Luc Francey was born in Grandson, in the canton of Vaud in Switzerland, on May 27, 1925. He attended the College d’Yverdon, Gymnase of Lausanne and graduated from ETH (Swiss Federal Institute of Technology Zurich). After working in Paillard’s laboratory as a research physicist for it’s radios. In early 1960’s he makes a sharp turn, is more engaged in social causes and decides to continue his carrer in education. For thirty years he will teach Physics and Natural Sciences in the Canton of Neuchâtel.
From the early 60’s, Luc Francey is committed to see that Switzerland looks at alternatives for obligatory military service and develops a Civil Service option for young military recruits. Their claim states that a neutral country does not need such a heavy investment in war but in peace. (1, 4, 5) This achievement will cost many young people, including himself, spending time behind bar in order to be heard by the Federal Government. Despite their punishment, each participants in this request committed their annual obligatory service (two weeks) to projects organized by the International Civil Services and SCI in needy mountain regions of Switzerland where they built roads, bridges or any services deemed necessary. The idea takes on like fire, but it will still take many years for the law to change.
On May 17, 1992, a month after he dies, a vote receives 82.5% votes to approve a change in the Swiss Constitution. It takes another four years to have the new law integrated. Today, young recruit have a choice. The Swiss army is faced with a “hemorrhage” of will be soldiers joining this new movement.
In 1970, he joins the committee of L’Essor, a monthly magazine published since 1905 that is committed to humanity and pacifism. (Archives). He will write and assure the Information column from 1973 with Robert Junod. From 1973 to 1985 he takes on the position of Editor of L’Essor.
He is also involved with the anti-nuclear efforts that will spread world wide in the early 60’s and Yearly Easter Marches. (2) He is part of the “Friends of Danilo Dolci”. Dolci is an Italian social activist, sociologist and popular educator who is known for his opposition to poverty, social exclusion and the Mafia of Sicily and will be tried for libel by the Italian government and sentence to prison. Francey is also a strong Martin Luther King supporter.
Luc Francey loves nature and “alpine randonnées,” in the Jura region as well as in le Val d’Hérens. He is also fascinated by the keen eye of Robert Hainard, a Swiss sculptor and engraver, who specializes in wildlife and does all his sketches at night.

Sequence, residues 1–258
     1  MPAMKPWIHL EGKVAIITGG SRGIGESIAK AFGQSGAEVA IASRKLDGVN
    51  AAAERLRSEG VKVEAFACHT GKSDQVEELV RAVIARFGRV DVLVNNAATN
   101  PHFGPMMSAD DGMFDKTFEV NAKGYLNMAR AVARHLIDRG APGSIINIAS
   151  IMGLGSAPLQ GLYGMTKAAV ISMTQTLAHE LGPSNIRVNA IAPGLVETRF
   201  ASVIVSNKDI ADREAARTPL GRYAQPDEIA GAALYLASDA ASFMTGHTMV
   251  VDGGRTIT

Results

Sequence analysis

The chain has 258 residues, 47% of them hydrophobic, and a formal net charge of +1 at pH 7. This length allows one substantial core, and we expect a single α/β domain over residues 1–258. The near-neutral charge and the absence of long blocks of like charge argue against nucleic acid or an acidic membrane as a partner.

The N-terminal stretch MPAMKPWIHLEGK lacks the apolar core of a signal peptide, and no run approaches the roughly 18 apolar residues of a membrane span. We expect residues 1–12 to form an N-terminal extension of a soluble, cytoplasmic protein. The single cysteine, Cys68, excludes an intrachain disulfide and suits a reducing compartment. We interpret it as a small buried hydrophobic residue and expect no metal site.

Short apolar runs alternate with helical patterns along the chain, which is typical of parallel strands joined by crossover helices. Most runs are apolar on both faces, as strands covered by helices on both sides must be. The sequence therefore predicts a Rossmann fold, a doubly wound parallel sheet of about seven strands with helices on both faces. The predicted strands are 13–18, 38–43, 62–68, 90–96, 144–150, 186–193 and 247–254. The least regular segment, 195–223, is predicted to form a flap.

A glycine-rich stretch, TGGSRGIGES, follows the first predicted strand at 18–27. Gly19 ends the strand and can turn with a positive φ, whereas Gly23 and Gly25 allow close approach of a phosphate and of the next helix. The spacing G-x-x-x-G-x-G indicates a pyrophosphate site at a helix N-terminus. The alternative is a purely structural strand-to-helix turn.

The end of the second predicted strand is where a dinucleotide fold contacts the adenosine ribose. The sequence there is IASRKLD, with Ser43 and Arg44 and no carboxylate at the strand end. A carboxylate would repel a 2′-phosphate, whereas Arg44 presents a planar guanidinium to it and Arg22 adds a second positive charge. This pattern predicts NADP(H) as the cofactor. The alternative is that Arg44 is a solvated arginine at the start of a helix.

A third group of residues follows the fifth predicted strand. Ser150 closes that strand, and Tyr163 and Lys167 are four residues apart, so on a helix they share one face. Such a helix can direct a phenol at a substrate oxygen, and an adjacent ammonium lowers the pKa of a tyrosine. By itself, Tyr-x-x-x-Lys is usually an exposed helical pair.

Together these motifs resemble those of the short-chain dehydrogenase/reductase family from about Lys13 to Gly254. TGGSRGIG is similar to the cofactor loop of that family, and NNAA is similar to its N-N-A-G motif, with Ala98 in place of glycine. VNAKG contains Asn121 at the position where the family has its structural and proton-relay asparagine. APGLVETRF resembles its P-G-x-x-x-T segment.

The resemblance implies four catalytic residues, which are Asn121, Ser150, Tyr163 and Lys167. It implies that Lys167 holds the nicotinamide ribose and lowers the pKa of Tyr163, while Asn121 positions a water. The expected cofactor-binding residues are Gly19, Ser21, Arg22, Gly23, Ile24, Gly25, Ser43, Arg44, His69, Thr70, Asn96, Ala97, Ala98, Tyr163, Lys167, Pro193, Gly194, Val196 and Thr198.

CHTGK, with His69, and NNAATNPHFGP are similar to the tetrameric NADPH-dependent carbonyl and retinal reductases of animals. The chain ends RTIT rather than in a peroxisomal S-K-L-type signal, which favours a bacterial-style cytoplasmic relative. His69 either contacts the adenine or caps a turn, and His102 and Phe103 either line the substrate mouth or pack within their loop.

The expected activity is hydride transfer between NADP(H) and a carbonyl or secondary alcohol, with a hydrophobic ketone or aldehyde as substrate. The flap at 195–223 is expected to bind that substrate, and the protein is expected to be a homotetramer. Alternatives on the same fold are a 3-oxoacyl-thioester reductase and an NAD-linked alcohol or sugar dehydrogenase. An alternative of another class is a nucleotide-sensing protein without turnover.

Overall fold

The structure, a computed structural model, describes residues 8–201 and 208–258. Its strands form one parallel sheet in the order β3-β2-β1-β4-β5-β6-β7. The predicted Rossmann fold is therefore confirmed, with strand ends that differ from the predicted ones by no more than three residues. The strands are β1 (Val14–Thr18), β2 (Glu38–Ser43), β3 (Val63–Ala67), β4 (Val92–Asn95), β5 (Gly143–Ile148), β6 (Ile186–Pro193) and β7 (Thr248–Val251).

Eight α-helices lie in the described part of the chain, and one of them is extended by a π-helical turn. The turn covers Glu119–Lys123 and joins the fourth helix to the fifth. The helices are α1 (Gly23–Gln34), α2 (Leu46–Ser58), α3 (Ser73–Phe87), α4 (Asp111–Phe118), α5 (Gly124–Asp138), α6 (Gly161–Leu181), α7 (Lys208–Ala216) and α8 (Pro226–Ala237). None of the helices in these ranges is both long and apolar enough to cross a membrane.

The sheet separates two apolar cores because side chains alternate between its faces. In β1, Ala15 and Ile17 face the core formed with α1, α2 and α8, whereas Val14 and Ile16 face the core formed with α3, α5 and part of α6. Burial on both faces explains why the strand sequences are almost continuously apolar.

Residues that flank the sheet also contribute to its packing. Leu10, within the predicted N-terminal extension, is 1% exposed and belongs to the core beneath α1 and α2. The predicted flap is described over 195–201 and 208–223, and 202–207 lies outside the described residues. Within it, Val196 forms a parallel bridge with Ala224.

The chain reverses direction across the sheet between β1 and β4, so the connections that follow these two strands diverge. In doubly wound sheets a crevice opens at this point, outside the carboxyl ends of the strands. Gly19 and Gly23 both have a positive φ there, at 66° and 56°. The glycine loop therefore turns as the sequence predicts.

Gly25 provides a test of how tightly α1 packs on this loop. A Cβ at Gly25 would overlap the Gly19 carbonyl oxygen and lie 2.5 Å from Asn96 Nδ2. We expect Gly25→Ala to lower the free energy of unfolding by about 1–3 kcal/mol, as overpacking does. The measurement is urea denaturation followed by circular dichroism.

Luc is the son of Aloys Francey and Marguerite Stahl, and the grandson of Alexandre Francey, educator and later mayor of the Broye Region in the Canton of Fribourg. Luc Francey marries Mireille Bura in December, 1949. They have four children: Nicolette, Isabelle, Anne and Martin.
- “Lettre Ouverte” L’Essor-March Easter 1963
- “Marches de Pâques” Sentinelle, La | vendredi, avril 03, 1964 |
- “Grandson, Le Professeur Francey” La Sentinelle, 11,01,1964
- “Declaration du Professeur Francey” La Sentinelle, 11.01.1964
- “Pour Une Defense Nationale Positive” Essor, L´ | vendredi, février 14, 1964
- “Objection a la protection civile” L’Essor Objection 1967
- “Luc Francey répond a nos Objections” Essor, L´ | mardi, mars 22, 1968
- “Pour un service civil: Une resolution des participants a un cours de repetition.”Confédéré | lundi, novembre 30, 1970 |
- L’Institution d’un service civil: pas conforme à la Constitution” Liberté, La | mercredi, mai 05, 1971 |
- “Plus de 60’000 signatures ont été récoltées” Liberté, La | jeudi, janvier 13, 1972 |
- “Pour une defense nationale active” Essor, L´ | mardi, mai 23, 1972 |
- ” Defense Militaire et Service civil, Alternative nécessaire.”Confédéré | mardi, février 08, 1972
- “Exportation d’Armes” L’Essor, May 13, 1972
- “Lettre de Monsieur Pierre Aubert, president de la Confédération, à Luc Francey. Lettre de Pierre Aubert
- Adieu a notre ami Luc, L’Essor, Vendredi, May 01, 1992, More
- “Un Raz-de-marée de oui.” Liberté, La | lundi, mai 18, 1992 |
- “Les Piliers de l’Essor” Essor, L´ | jeudi, décembre 01, 1994 |
- “Loi fédérale sur le service civil” 824.0 Le Conseil Federal Octobre 1995
- “Ce que nous avons semé ne sera pas perdu” par Pierrette Junod. L’Essor, 12-1995
- “Une vielle connaissance et de nouveaux amis” par Ariane Schmitt L’Essor, 12-1995
- “Les missions fondamentales du service civil” Zivi
- “Une Foi Inébranlable” Essor, L´ | jeudi, septembre 01, 2005